I was first knocked out by Christine Sneed's work when I read Little Known Facts (and I wasn't the only one. It won the Society of Midland Authors Award for best adult fiction in 2013, and was named one of Booklist's top ten debut novels.) Along with being named a finalist for the 2010 Los Angeles Times book prize in the first-fiction category, her first book, Portraits of a Few of the People I've Made Cry won AWP's 2009 Grace Paley Prize, was awarded Ploughshares' John C. Zacharis prize, and was chosen as Book of the Year by the Chicago Writers Association. Christine has published stories in Best American Short Stories, New England Review, Glimmer Train, and many other notable publications. Christine's luminous new novel, Paris, He Said, is about a woman who moves to Paris with a man who promises to support her so she can do her art. About desire, creativity, and finding out what really happens when you get what you think you want, it's a literary page-turner. I'm thrilled to have Christine here. Thank you, Christine!
When I was trying to begin a new novel after finishing my second book, Little Known Facts, I had several false starts and finally paused to think at length about the subjects continue to be of interest to me, and I realized that my interest in French culture and art and in romantic relationships would be good places to start. From there, I came up with Jayne and Laurent, and eventually, Susan Kraut, who is a real person; she’s a painter and painting instructor at the School of the Art Institute and was a very generous subject for me as I was writing Paris, He Said. She let me visit her study and ask her questions about her art-making process. [Tangentially, I first met Susan when I worked for five years at the School of the Art Institute after graduate school. An ex-boyfriend of mine was a student there and we lived together for five years; I witnessed his messy and inspiring creative process during those years (often wishing he were a more fastidious housekeeper but knowing he probably never would be.) And in college, I was a French major.]
Paris is such a character in itself--I bet the research was a great deal of fun, no? I realize you were once a student there, but did you return? Did anything surprise you in the way your characters relate to Paris--and the way Paris relates to them?
It was a lot of fun to write about Paris and to do the research for this novel. I’ve been to Paris about a dozen times since 1991, the year I was a student in France (I studied in Strasbourg but took five or six trips to Paris during that year.) I made two trips to Paris, both during the first week in September in 2013 and 2014, while writing this novel. Even though I knew how beautiful a city it was, I hadn’t been there for a number of years before my 2013 trip, and I think it startled me just how beautiful it is.
My main characters, Jayne and Laurent, don’t take their privileged lives for granted in Paris, though Jayne does find herself getting habituated to the city’s many marvels and awe-inspiring beauty after a few months. Laurent is from a village outside of Dijon, which is several hours southeast of Paris, and he has always thought of Paris as a city of wonders, and I wanted that marvelousness to come through on every page, if possible. He is a devout pleasure-seeker, Jayne less so. And it was this disparity in temperament where I tried to make the conflict was most palpable between them.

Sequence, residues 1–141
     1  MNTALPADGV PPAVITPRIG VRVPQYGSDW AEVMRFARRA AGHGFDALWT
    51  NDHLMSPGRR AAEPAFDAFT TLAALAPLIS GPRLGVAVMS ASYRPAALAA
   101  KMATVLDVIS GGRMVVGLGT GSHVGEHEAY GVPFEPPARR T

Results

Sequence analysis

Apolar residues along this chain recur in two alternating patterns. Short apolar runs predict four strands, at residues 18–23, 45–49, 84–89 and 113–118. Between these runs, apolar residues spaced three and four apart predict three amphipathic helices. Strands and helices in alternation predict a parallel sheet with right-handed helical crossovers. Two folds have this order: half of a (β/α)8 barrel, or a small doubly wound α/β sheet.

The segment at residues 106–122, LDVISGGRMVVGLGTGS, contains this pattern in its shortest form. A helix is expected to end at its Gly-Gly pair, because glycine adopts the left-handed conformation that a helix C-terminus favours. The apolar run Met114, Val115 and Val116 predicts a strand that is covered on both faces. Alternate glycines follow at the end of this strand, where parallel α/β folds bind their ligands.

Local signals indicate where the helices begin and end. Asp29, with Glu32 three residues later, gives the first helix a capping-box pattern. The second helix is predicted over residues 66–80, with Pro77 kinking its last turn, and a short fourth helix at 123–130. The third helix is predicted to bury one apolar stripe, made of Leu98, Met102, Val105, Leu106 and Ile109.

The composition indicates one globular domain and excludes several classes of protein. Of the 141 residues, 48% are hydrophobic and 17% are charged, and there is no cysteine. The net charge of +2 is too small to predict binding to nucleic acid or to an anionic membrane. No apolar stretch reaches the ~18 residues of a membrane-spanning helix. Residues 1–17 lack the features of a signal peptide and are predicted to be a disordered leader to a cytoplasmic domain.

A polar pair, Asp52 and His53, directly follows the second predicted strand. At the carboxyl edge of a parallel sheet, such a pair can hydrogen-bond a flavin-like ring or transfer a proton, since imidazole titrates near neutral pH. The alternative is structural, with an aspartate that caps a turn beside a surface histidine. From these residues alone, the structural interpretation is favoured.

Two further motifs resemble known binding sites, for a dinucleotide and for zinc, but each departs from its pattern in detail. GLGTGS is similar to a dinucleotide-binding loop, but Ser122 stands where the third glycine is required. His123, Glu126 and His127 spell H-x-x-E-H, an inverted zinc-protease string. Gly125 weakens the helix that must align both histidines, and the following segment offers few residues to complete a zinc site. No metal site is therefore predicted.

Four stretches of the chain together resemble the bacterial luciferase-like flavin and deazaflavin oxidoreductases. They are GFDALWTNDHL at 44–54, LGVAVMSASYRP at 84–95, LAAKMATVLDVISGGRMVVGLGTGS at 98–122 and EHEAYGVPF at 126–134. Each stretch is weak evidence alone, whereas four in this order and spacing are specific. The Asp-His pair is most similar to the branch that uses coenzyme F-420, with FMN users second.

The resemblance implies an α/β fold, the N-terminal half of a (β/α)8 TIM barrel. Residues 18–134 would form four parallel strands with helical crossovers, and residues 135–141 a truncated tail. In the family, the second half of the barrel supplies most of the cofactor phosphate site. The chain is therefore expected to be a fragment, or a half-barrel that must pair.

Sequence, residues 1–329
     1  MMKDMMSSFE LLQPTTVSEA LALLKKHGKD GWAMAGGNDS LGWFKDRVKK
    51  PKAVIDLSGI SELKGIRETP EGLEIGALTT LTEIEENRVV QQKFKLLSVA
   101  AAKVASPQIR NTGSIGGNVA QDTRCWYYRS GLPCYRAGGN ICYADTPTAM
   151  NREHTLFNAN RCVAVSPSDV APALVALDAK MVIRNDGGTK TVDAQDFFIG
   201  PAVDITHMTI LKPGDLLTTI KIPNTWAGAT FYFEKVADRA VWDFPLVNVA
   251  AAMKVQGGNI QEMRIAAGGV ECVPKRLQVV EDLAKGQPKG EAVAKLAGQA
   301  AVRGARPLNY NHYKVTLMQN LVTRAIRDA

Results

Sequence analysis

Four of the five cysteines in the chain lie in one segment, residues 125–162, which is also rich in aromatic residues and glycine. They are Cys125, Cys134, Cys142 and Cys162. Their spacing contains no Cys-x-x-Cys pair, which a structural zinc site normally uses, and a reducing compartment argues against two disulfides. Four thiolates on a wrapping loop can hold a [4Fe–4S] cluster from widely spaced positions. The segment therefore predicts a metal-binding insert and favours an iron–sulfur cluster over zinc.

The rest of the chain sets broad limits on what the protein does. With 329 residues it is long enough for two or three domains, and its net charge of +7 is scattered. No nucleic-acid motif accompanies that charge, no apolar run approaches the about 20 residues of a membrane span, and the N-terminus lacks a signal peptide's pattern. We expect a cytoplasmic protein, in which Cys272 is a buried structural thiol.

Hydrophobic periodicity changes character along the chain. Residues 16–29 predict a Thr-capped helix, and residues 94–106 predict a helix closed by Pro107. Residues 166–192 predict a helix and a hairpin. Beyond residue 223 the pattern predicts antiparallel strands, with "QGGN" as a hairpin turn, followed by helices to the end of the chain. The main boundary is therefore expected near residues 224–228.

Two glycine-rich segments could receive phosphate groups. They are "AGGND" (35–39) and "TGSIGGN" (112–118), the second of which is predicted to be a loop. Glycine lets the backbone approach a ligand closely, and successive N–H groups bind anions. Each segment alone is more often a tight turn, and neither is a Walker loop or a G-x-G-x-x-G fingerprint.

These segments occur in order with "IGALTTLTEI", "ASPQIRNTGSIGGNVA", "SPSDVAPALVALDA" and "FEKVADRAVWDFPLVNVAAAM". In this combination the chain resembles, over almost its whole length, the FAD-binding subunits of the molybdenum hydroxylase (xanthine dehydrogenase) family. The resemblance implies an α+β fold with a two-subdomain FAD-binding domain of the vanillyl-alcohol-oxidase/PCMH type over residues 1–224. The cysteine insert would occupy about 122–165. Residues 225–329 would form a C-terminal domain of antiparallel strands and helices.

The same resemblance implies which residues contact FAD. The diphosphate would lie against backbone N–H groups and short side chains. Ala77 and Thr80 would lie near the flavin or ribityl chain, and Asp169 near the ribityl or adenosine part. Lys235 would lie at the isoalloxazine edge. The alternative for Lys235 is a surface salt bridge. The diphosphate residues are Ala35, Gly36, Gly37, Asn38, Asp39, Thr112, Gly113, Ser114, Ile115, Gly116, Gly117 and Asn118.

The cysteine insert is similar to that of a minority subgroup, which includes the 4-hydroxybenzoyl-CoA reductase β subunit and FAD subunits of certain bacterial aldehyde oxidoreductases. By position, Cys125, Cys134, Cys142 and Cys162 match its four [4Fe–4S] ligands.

What was so fascinating about your novel is the way you explore how people navigate what they think they want, and how they discover what they really need, instead. Could you comment on this please?
I don’t think we often truly know what we want. We believe that we want something, but then we get it and it’s not what we hoped for. There’s certainly some of this conflict in Jayne, though she’s aware before she moves from New York to Paris that there is no ideal situation (or ideal man.) And she also knows that what a person sees from the outside of a relationship is almost always different from what the person on the inside sees. Her privileges in Paris come with costs, that’s for sure.
I also loved the way you seemed to pull of layer upon layer in your characters. As they discover themselves, so do we. Can you talk about your writing process for this particular novel? Did it differ from your prior novel in the ease of the writing?
This was the hardest novel of the several I’ve written to write (most of these novels are unpublished and sitting in a drawer.) My previous book (and first published novel) Little Known Facts came out quickly and more or less joyfully. I’d never had an experience like it before those months in 2011 when I was writing LKF.
I wrote six or seven drafts of Paris, He Said before my editor at Bloomsbury signed off on it. She worked very hard on this book too; she had a lot of good advice to give and I followed a lot of it. By the end of last year, I looked like a zombie. I was teaching full-time while working on this book, and trying to pay attention to my partner Adam, my other friends and family, and exercise and eat properly. I don’t know if I’d ever felt more worn out in my life. I also wasn’t sure what I thought about the novel until I had several months away from it. I like it, dieu merci. For a long while after we finished the copy-editing, I didn’t want to look at one word of it.
What’s obsessing you now and why?
Hmmm…well, my future. I hope Bloomsbury will continue to publish my work. I hope readers will find it and like it. And I hope that one day, I will catch up on emailing and house-cleaning.
I also worry about our country’s, our planet’s future – I hope that people will be kinder to each other and to the earth. Our collective future depends on it.
What questions didn’t I ask that I should have?
Who is your favorite ‘80s rock star?
Oh, Prince, for sure. But Rick Springfield is a close second. And Madonna is a close third.